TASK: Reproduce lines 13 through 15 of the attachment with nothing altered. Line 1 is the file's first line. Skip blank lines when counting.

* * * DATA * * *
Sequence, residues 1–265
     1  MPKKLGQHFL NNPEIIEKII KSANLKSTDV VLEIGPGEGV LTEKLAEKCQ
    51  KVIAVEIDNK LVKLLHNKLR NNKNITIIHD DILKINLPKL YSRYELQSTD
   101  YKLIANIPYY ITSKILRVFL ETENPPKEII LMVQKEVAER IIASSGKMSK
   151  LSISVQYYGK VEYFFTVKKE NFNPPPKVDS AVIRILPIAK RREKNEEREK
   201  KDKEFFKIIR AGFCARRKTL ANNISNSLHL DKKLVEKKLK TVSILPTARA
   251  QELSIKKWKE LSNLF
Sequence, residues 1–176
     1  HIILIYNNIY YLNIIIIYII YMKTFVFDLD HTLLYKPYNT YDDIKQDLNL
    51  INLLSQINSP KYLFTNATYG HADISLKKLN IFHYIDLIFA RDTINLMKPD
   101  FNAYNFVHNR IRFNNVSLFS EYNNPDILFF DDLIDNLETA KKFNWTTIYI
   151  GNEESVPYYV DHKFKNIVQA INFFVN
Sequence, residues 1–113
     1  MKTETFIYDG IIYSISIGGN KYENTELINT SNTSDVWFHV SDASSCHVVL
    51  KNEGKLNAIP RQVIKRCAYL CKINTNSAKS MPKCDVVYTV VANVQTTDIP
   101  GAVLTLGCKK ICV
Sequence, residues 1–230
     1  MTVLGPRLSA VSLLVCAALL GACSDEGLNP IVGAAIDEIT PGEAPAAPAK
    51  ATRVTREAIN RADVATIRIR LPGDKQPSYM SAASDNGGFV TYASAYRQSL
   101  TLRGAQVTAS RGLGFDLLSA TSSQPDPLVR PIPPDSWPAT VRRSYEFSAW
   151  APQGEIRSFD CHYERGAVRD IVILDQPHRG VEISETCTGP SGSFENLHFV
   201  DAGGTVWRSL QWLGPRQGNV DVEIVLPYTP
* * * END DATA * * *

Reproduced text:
Sequence, residues 1–113
     1  MKTETFIYDG IIYSISIGGN KYENTELINT SNTSDVWFHV SDASSCHVVL
    51  KNEGKLNAIP RQVIKRCAYL CKINTNSAKS MPKCDVVYTV VANVQTTDIP